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Potential for Probiotics to Prevent Reproductive Tract Lesions in Free-range Laying Hens

31 December 2013

Reproductive problems that lead to a drop in egg production and sudden deaths were reduced in free-range hens in this Australian experiment when the birds received a commercial probiotic around the onset of lay.

A study was undertaken at the University of Queensland to investigate the ability of two commercial probiotics applied in free-range laying hens (from 18 to 22 weeks of age) in reducing the occurrence of reproductive tract pathologies, and improving hen health and performance.

In the CSIRO journal, Animal Production Science, S. Shini and colleagues explain that they transferred a total of 630 17-week-old brown layers to a freshly cleaned free-range laying facility, and randomly divided into three groups, with three replicates of 70 birds each.

Both probiotics were administered in the drinking water (Groups 1 and 2) on a daily basis for four weeks, while Group 3 was left untreated.

At 38 weeks of age, the results demonstrated that treatment with either probiotic significantly reduced the occurrence of reproductive tract pathologies (control versus probiotics, 33 per cent versus 22 per cent and 11 per cent; P<0.01), mortalities (control versus probiotics; 3.8 per cent versus 1.5 and 1.9 per cent; P<0.01), and increased the performance of hens, for another 20 weeks post-treatments (hen day production for control versus probiotics 75 per cent versus 90 per cent and 94 per cent; P<0.01).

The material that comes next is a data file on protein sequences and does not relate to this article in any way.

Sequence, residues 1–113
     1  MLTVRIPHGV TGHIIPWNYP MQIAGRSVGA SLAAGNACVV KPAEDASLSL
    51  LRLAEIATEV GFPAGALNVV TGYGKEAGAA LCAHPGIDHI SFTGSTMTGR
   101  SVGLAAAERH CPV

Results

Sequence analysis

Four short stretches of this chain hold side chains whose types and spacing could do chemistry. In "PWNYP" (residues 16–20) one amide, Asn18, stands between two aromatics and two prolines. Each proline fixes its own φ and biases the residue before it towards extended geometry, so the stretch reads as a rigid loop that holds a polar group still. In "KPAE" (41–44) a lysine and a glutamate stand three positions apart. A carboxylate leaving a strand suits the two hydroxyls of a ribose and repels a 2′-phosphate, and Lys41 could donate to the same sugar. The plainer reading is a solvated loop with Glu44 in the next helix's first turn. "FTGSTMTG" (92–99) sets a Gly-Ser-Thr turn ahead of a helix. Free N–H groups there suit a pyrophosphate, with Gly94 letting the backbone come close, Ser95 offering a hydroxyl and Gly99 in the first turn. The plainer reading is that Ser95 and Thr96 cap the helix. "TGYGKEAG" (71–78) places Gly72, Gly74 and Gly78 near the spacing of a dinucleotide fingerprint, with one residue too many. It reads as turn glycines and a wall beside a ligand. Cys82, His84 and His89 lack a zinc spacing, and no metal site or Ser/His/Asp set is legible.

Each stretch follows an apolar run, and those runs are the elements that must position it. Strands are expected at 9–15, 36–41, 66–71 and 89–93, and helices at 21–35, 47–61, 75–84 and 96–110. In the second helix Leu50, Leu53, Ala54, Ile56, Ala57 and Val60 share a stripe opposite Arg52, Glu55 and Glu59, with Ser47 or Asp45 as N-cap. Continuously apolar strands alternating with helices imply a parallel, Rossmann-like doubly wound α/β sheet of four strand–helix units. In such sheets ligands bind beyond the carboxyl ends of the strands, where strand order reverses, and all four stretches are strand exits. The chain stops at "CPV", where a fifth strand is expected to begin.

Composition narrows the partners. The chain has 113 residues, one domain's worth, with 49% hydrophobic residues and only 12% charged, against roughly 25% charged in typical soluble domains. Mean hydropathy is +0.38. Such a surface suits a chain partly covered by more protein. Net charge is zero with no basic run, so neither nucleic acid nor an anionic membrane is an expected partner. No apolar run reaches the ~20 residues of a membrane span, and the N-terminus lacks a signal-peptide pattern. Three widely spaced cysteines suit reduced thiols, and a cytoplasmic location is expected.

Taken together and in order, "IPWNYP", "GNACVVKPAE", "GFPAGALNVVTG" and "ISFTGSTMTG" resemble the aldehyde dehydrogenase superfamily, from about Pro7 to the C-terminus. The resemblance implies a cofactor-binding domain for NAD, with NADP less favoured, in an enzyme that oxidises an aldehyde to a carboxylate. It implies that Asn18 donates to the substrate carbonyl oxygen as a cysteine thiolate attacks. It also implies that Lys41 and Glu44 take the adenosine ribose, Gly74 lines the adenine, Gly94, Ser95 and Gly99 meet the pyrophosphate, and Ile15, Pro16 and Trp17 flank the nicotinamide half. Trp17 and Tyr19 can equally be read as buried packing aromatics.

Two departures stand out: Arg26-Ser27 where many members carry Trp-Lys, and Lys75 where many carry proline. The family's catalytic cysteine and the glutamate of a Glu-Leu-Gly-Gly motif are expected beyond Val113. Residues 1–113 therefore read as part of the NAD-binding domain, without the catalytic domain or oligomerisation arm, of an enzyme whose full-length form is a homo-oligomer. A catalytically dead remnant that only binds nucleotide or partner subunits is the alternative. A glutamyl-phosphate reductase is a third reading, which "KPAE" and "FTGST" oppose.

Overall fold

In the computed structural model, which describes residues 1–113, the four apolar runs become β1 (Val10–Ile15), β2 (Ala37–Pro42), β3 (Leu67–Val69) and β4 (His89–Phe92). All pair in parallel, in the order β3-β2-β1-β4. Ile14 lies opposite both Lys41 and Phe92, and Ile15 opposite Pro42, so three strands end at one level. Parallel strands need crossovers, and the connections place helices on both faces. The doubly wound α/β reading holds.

Birds treated with probiotics maintained their bodyweight and egg weights at standard ranges, while untreated birds did not perform at this level.

Although the researchers report they were unable to show any effect on cloacal bacterial colonisation, the results of the present study provided some initial evidence that reproductive pathologies, which often cause drops in egg production and sudden deaths of birds, can be reduced if free-range hens are treated with a commercial probiotic before or during the onset of lay.

The use of a probiotic benefits the health and performance status of hens, resulting in better hen welfare and significant economic gains to egg producers, concluded Shini and colleagues.


Shini S., A. Shini and P.J. Blackall. 2013. The potential for probiotics to prevent reproductive tract lesions in free-range laying hens.  Animal Production Science. 53:1298–1308.

Further Reading

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December 2013

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